The Algae Plague
Algae (pronounced AL-jee) are among the simplest forms of marine plant life. They lack leaves, roots, flowers, seeds, and all the other things we normally associate with plants, in other words they are very basic – and often annoying!
The term ‘algae’ is used to refer to all forms of marine life that are capable of photosynthesis (converting sunlight into energy). Some forms of algae, however, rely entirely on external supplies of energy (in the form of protein and fish waste in the water) for food.
Your tropical fish tank does not want algae. Algae is definitely an unwanted visitor – it’s a real eyesore. Unfortunately, certain levels of algae are to be expected; small amounts are inevitable wherever there’s light, nutrients, and water in combination.
When algae levels get high enough to be visible to the naked eye, you’ve got a surplus. Not maintaining your aquarium regularly, will lead to regular growths of algae obscuring your fish, making the water smell, and generally detracting from the aesthetic appeal of your tank.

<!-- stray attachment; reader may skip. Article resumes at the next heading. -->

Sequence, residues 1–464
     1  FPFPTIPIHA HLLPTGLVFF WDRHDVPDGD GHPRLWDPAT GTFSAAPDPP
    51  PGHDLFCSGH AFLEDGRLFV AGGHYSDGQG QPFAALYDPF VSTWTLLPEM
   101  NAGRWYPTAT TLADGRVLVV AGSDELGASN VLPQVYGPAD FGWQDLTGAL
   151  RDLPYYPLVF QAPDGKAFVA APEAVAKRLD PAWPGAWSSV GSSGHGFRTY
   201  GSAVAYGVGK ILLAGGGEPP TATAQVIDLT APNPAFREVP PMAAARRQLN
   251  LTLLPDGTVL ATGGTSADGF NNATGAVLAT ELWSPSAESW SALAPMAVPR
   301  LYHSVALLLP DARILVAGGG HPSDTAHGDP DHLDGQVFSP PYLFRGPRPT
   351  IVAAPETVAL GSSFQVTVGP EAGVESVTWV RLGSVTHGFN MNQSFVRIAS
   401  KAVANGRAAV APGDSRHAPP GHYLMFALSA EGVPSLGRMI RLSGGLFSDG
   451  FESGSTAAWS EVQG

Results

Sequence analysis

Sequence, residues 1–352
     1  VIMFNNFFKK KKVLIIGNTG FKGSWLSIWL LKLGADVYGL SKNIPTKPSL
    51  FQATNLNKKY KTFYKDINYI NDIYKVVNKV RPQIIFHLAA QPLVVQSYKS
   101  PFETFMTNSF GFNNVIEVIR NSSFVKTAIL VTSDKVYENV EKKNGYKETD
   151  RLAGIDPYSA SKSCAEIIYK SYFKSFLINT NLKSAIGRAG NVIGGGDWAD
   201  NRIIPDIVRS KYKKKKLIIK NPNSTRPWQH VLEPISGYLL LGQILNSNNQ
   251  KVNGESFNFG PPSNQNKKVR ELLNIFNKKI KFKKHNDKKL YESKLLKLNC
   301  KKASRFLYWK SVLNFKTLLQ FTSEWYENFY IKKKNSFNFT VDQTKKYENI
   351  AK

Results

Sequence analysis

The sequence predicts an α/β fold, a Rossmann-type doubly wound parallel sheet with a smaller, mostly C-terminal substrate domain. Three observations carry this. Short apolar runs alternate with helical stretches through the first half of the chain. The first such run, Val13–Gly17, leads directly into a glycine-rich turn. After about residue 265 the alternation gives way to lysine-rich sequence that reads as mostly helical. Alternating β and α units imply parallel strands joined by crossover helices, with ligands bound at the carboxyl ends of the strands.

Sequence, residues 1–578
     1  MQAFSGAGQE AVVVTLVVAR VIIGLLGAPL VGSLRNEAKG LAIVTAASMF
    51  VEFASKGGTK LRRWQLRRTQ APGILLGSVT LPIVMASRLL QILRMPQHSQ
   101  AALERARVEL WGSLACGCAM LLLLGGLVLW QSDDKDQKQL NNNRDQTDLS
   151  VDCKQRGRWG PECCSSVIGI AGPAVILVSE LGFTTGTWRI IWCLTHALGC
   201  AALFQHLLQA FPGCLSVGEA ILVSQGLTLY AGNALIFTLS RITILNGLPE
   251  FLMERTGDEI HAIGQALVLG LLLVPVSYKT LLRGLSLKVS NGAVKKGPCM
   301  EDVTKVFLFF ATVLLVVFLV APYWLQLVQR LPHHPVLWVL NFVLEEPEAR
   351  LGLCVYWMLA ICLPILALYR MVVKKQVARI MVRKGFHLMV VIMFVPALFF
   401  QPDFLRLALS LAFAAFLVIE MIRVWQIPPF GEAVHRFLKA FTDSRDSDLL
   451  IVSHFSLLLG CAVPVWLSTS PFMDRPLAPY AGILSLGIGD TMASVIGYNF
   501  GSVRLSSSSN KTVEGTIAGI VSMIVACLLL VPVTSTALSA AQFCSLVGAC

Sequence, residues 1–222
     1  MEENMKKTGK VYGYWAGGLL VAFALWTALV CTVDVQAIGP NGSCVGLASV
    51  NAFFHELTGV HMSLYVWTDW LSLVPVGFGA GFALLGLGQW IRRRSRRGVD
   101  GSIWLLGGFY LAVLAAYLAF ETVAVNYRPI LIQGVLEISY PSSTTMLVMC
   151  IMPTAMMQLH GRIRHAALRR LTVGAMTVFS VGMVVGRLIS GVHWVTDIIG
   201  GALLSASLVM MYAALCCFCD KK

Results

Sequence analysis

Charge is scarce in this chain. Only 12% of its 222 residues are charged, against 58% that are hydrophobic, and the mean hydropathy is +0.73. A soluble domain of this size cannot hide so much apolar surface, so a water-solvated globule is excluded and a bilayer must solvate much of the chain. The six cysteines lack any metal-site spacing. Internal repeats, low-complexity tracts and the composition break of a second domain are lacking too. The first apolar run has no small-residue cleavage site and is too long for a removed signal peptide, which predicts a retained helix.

But how do you get rid of Algae?
The cure depends on the type of algae you have, since each one needs to be treated in a specific manner.
The most common forms of algae to affect tropical fish tanks are: * brown algae * green algae * blue-green algae * green water
Brown algae is usually the first to appear in a newly established tank. It is pretty easy to see: it appears like cloudy brown slime growing along the sides and bottom of your aquarium, as well as clinging onto gravel, rocks, and ornaments.
Limiting the light available won’t make any difference to this type of algae, because it is capable of growing at low-lighting levels. Instead, you need to cut right back on the nutrients available for sustaining its growth – which means feeding your fish less.
High protein levels in the tank, derived from excessive fish food, accelerate this algae’s growth.
NOTE: even if your fish are eating all the food you give them, you may not be feeding them the right amount. Fish are natural opportunists, which means they’ll eat everything that’s available regardless of how much you feed them.